The United Nations is making enemies again. Last week, yet another government has announced that it is ready to reassess relations with the world body after being criticized for domestic human-rights policies. This time, however, the complainant is not one of the usual offenders — China, Sudan, Iraq, Yemen are regulars — but Australia. Canberra’s blast at the U.N. is a mistake. It makes the government of Prime Minister John Howard look petty and short-sighted. It undermines Australia’s bid to play a larger international role and it undercuts U.N. authority and the rights it represents.
The source of the controversy is recent U.N. criticism of Australia’s treatment of Aborigines and asylum seekers. Australia’s 430,000 Aborigines are the country’s most disadvantaged group. They make up only 2.3 percent of the population, but they have much higher infant-mortality rates and much lower life expectancies than other Australian citizens. The world body has criticized the federal government’s handling of Aboriginal land rights and mandatory sentencing laws in effect in two states that seem to target crimes committed by Aborigines. The result is harsh jail sentences for trivial offenses. In at least one case, an Aboriginal youth committed suicide while incarcerated.
In response to the criticism, the Australian government announced that it would cut back contacts with the U.N. and would not ratify a protocol to the Convention on Eliminating All Forms of Discrimination Against Women. Australian Foreign Minister Alexander Downer said U.N. committees would not be allowed to visit Australia, nor would they be given information unless there was a compelling reason to do so.
Mr. Howard said the new relationship does not represent a turning away from U.N. principles. Instead, he claimed that it was designed to assert Australian authority over its domestic affairs.
Australian officials complain that the U.N. committees have the wrong priorities. They argue that the groups are too easily swayed by nongovernment organizations and do not pay enough attention to democratic governments. Disputes over Aboriginal rights, they claim, pale beside arbitrary arrest and detention, restrictions on speech, assembly and movement and other denials of human rights. That is not true as far as Aborigines are concerned. Even on an abstract level, the idea that some human rights are more important than others is nonsense. Moreover, cutting off contact with U.N. groups and contesting their legitimacy is a funny way of shoring up those institutions and the rights they they are designed to protect.
Australia can dispute the facts of a given case. Canberra has every right to challenge interpretations of international law. And indeed, the disputes over Aborigines’ rights are long and tangled. Australia has grappled with this problem for decades; that effort alone is proof that there is no simplistic solution. Nonetheless, to question the U.N.’s very ability to scrutinize a nation’s domestic practices and to measure them against international yardsticks makes a mockery of those standards. It is precisely because they are human rights, universal by definition, that the U.N. can demand adherence by all nations. The assertion that these are domestic issues of no concern to the U.N. is the very same claim that habitual abusers make. It is unworthy of Australia to join that select crowd, or to support their argument.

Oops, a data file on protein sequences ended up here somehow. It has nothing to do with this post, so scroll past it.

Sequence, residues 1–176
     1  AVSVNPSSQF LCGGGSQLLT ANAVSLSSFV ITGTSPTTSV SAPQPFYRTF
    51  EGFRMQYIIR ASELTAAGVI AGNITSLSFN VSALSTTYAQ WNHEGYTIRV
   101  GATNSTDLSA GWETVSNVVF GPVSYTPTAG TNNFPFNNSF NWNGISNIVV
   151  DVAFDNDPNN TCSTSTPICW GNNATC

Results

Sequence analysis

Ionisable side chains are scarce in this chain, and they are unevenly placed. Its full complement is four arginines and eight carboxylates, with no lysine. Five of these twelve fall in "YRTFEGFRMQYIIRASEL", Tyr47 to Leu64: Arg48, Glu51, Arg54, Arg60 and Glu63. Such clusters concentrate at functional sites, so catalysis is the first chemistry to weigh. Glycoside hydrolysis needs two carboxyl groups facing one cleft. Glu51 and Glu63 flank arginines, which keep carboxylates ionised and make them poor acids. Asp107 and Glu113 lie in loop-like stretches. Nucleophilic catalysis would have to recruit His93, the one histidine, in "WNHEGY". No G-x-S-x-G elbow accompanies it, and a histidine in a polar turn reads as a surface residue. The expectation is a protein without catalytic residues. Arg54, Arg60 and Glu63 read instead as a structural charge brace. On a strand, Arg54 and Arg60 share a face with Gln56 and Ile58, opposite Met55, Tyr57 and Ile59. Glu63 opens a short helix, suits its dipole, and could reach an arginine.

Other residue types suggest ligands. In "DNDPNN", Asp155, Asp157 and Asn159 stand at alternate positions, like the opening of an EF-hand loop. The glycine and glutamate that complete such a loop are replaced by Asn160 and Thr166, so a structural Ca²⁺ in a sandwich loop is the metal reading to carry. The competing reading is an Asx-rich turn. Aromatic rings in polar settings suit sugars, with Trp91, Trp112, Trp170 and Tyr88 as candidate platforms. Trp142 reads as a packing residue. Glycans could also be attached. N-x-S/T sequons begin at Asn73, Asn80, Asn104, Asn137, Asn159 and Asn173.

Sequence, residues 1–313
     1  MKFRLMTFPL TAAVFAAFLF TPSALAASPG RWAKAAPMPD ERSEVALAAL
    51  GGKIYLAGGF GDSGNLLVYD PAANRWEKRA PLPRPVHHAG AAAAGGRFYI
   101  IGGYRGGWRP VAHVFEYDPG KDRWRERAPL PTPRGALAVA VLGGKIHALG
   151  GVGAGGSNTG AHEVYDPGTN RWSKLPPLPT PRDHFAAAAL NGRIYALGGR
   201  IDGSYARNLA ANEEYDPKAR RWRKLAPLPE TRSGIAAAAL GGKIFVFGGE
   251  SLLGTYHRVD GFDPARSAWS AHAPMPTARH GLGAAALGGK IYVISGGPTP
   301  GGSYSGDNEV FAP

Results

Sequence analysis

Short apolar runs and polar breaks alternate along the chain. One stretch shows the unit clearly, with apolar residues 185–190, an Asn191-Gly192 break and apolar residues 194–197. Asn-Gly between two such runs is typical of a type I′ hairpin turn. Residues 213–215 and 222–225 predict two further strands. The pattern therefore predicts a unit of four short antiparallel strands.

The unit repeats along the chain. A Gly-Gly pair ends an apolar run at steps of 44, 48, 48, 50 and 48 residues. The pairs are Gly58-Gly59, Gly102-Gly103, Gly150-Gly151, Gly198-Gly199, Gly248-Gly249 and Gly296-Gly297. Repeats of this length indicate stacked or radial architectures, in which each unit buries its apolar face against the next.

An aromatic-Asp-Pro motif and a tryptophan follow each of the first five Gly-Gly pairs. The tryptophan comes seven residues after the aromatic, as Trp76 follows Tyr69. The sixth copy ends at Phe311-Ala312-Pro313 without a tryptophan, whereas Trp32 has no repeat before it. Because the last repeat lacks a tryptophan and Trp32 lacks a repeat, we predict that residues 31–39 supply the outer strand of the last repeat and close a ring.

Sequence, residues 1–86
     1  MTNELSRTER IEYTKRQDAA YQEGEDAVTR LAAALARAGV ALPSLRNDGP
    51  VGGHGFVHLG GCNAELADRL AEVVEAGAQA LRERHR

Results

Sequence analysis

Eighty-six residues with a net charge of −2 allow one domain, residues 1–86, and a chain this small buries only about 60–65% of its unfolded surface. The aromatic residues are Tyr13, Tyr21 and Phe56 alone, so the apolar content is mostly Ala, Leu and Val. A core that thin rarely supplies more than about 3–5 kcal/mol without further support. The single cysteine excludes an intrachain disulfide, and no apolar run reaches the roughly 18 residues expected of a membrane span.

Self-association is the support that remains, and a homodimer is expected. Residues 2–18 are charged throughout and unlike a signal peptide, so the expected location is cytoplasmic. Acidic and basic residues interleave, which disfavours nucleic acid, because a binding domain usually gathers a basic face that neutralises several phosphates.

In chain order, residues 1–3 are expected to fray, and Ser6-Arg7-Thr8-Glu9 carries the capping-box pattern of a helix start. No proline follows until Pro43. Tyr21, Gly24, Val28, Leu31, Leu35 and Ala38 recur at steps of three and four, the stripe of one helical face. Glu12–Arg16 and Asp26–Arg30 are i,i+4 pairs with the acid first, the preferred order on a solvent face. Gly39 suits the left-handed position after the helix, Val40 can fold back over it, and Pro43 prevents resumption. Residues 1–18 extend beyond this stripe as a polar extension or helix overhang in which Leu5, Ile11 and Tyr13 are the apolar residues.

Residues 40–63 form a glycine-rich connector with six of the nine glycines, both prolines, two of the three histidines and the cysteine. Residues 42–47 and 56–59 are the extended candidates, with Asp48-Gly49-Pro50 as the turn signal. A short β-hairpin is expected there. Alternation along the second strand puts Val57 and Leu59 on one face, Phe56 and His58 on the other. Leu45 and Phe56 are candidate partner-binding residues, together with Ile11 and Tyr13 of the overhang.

These recent events are especially disconcerting because Australia has worked so well with the U.N. in the past. That is only natural: Australia is a middle-ranking country, and U.N. activities offer it a convenient and effective platform to assume a higher international profile. When Australia took a leading role in the East Timor peacekeeping operation it was acting under the world body’s authority. Canberra cannot question the legitimacy of one arm of the U.N. without eroding the authority of others.
Canberra has been a vocal supporter of international law in general and human rights in particular. That stance has won it plaudits from human-rights advocates, as well as the gratitude of the oppressed around the world. This most recent fit of pique discredits that proud history.
The correct response would be for Canberra to acknowledge the U.N.’s right to criticize and then remedy failings on its own. That would strengthen international legal standards, support the U.N. system and set a powerful example for other countries that violate those norms — and distinguish Australia from other offenders who fail to act. That is what the world has come to expect from Australia.
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